Get to Know Your Core!

There is a ton of information everywhere that is devoted to the core, much of it is contradictory and confusing. We want to summarize and simplify what we see as essential info so you can actually put this information to use. Your core is a complex series of muscles, extending far beyond your abs, even including the upper portion of your arms and legs. It is incorporated in almost every movement of the human body.  Over the next few newsletters we will spend time dissecting the core, describing the muscles involved in core activity and how they work together as a system.

These muscles can act as an isometric or dynamic stabilizer for movement, transfer force from one extremity to another or initiate movement itself. The core is heavily involved in walking for example.  

Good looking abs does not necessarily translate into a functional core.  Only an assessment of core function can tell us that.


We want you to become a functional and strong human, as opposed to just some chiseled abs, but we can call those the icing on the cake. So, we must first identify the core and what it looks like. In this diagram, we see the external musculature of the human body.

Our core has three-dimensional depth and functional movement in all three planes of motion. Many of the muscles are hidden beneath the exterior musculature people typically train. The deeper muscles include the transverse abdominals, multifidus, diaphragm internal and external obliques, pelvic floor, and many other deeper muscles. They may be deep but their importance is high!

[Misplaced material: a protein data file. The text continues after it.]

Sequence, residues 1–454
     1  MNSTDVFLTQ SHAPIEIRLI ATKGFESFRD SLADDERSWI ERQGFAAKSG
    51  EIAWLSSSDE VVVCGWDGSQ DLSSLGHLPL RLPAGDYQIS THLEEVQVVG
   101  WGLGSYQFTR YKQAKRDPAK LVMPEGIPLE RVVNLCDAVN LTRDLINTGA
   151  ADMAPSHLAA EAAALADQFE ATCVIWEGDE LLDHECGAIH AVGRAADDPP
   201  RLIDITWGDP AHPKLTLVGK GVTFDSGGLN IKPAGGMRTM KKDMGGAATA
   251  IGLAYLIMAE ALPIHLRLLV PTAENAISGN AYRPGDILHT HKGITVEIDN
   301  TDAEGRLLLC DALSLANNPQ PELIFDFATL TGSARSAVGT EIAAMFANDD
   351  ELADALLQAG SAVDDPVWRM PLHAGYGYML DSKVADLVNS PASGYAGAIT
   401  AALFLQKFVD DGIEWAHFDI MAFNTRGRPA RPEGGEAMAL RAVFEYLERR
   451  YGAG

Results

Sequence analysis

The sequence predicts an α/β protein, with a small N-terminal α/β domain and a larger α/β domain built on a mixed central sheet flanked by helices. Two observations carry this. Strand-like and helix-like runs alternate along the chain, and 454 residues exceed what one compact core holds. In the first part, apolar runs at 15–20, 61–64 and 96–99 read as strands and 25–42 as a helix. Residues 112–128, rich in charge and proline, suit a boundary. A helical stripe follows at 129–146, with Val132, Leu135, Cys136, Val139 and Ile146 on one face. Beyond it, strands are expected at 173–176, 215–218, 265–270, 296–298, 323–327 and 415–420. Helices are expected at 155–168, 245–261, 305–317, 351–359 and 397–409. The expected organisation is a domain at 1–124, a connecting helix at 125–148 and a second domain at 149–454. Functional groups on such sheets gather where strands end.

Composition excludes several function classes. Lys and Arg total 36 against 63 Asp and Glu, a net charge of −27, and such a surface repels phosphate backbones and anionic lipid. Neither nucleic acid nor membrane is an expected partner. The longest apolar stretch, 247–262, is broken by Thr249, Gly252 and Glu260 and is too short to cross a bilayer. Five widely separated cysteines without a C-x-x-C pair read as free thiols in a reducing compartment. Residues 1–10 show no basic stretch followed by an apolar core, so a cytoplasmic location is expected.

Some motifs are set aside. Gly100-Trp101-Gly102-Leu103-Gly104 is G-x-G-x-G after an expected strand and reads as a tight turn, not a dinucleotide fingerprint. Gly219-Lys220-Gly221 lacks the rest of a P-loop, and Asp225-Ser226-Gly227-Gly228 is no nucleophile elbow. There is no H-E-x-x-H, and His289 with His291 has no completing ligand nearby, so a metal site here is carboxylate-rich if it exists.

What the Core Does

Your core most often acts as a stabilizer and force transfer center rather than a prime mover. Yet consistently people focus on training their core as a prime mover and in isolation. This would be doing crunches or back extensions versus functional movements like deadlifts, overhead squats, and pushups, among many other functional closed chain exercises. By training that way, not only are you missing out on a major function of the core, but also better strength gains, more efficient movement, and longevity of health.

We must look at core strength as the ability to produce force with respect to core stability, which is the ability to control the force we produce. According to Andy Waldhem in his 

Assessment of Core Stability: Developing Practical Models

, there are “five different components of core stability: strength, endurance, flexibility, motor control, and function”.1 Without motor control and function, the other three components are useless, like a fish flopping out of water no matter how strong you are or how much endurance you have.

It is important to first achieve core stability to protect the spine and surrounding musculature from injury in static and then dynamic movements. Second, we want to effectively and efficiently transfer and produce force during dynamic movements while maintaining core stability. This can include running, performing Olympic lifts, or picking up the gallon of milk far back in the fridge while keeping your back safe. 

Research has shown that athletes with higher core stability have a lower risk of injury.

 This is proven perhaps most effectively by the Functional Movement Screen. There is a multitude of various tests that measure core stability, but we consistently use and recommend the FMS because of the research, results, and effectiveness of the corrective strategies we have seen with the people we work with everyday!

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